The plan for Week  3 is to keep walking and try to do at least three walks of three miles each and then attempt another 5K, hopefully a little faster.  I’ll see the doctor this week and am hoping to get cleared to start Couch to 5K as soon as I feel ready.

I’m trying to focus on how far I’ve come and not how far I am from where I want to be. At least I am outside again, exercising, enjoying my tunes and burning some calories.

Happy running marathoners!  And really, stay off those broken toes!

The Power of Perspectives

One of the things that’s been incredibly useful about coach training is understanding the power of choosing the perspective that you will take regarding a specific situation or set of facts. We really can choose to see the glass half full or half empty… or we can banish the glass entirely and replace it with an overflowing bucket. The choice is ours.

I’ve had a couple of hard weeks at work and have been in a bit of a funk post toe surgery.  I’ve decided to call that place “Wallow.” Wallow was a cold and dark place full of self-pity and self-inflicted misery. There was no exercise, no progress on important goals, and everything just felt more difficult than it needed to be. It wasn’t depression, I just felt mired in mud.

Yesterday I decided that Wallow wasn’t serving me very well. So I waged an eviction and decided to shift to the perspective of “Half Full.” Nothing actually changed in my life. The facts were still the same. But Half Full looked at the same set of facts and chose to see them differently – my toe was starting to heal, I really hadn’t gained any weight from not exercising, a huge project at work was behind me, the weather was improving, and my schedule in the next two weeks would give the freedom to begin making progress again.

That was a helpful change of perspective which put me in a better frame of mind, but it still wasn’t moving me forward. So with the help of friend from my coaching class, I moved to a new perspective we called “Running Free.” And I came up with 30 specific things that I’m going to do in the next 2 weeks to begin reclaiming my time, making progress again on the things that matter to me, and asking for support along the way–which I often don’t like to do. Some of these are small and some are pretty big.  But I’m excited to be moving in a positive direction again.  Also helpful is the fact that I’m accountable. The list is written down and it has been shared. I’ve got eight of them done and my list next to my computer as a reminder. I’ve promised to update her next weekend — and then the weekend after that.  Gotta get busy — time’s a-wastin’!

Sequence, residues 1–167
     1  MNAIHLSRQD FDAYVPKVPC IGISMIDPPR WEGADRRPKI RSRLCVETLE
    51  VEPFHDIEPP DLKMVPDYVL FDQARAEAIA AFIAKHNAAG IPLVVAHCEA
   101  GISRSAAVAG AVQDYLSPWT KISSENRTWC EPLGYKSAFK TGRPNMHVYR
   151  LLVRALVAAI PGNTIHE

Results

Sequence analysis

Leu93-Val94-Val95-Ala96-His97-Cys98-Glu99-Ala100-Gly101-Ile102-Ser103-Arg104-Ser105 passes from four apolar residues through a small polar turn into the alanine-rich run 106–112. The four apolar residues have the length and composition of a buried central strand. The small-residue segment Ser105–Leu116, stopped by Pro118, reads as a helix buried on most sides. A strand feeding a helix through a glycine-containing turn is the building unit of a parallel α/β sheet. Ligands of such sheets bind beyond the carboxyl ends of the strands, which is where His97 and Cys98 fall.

Running Free is lighter, brighter and full of possibility. I’m not actually running again and won’t be for a while, but I’m not going to sit around and feel sorry for myself because of it.  I’ve chosen a different path.

Is there a place in your life where you’re stuck or wallowing?  What new perspective might you find?

I. Am. Enough.

“I am enough.”

A friend wrote these words in an email to me this week and they really resonated. By coincidence, I’m also in the middle of reading “Daring Greatly” by Dr. Brene Brown and she spends several chapters discussing the voices that we carry with us that consistently suggest that we are not enough. Parents, spouses, siblings, bosses… and most of all, that persistent and relenting Inner Critic.

How much time do we spend waste debating whether we are enough? Comparing. Coming up short. Doubting and criticizing ourselves. The holiday season is riddled with opportunities for self-doubt. Did I cook a good enough dinner? Did I buy a good enough gift? Do I have a good enough job? How does my level of success… my house… my spouse measure up to that of my siblings or friends? Am I who my parents wanted me to be? Am I a good enough parent?  Am I thin enough or attractive enough?

Brown writes, “We spend inordinate amounts of time calculating how much we have, want and don’t have, and how much everyone else has, needs and wants.  What makes this constant assessing and comparing so self-defeating is that we are often comparing our lives, our marriages, our families and our communities to unattainable, media-driven vision of perfection, or we’re holding up our reality against our own fictional account of how great someone else has it.”  And in our comparisons, we are almost never enough.

This holiday season, I challenge you to notice when that tendency to compare is creeping into you life.  Banish that voice and stand with confidence in the present, giving yourself the gift of acceptance. In this moment, right now, right here, you ARE enough. Whoever you are, wherever you are, and however much you have.

Really. You are.